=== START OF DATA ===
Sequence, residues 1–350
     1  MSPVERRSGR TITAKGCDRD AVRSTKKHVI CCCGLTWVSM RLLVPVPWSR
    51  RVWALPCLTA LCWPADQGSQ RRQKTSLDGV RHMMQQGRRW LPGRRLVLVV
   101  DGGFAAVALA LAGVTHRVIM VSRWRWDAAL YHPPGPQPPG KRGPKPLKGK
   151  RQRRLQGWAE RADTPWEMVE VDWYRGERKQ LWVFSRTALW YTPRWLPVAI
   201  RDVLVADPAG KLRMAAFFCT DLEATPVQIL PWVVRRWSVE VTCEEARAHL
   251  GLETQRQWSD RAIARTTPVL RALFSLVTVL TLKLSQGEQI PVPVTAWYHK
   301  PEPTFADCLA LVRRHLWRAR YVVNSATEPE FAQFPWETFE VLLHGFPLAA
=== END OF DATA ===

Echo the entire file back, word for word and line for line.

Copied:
Sequence, residues 1–350
     1  MSPVERRSGR TITAKGCDRD AVRSTKKHVI CCCGLTWVSM RLLVPVPWSR
    51  RVWALPCLTA LCWPADQGSQ RRQKTSLDGV RHMMQQGRRW LPGRRLVLVV
   101  DGGFAAVALA LAGVTHRVIM VSRWRWDAAL YHPPGPQPPG KRGPKPLKGK
   151  RQRRLQGWAE RADTPWEMVE VDWYRGERKQ LWVFSRTALW YTPRWLPVAI
   201  RDVLVADPAG KLRMAAFFCT DLEATPVQIL PWVVRRWSVE VTCEEARAHL
   251  GLETQRQWSD RAIARTTPVL RALFSLVTVL TLKLSQGEQI PVPVTAWYHK
   301  PEPTFADCLA LVRRHLWRAR YVVNSATEPE FAQFPWETFE VLLHGFPLAA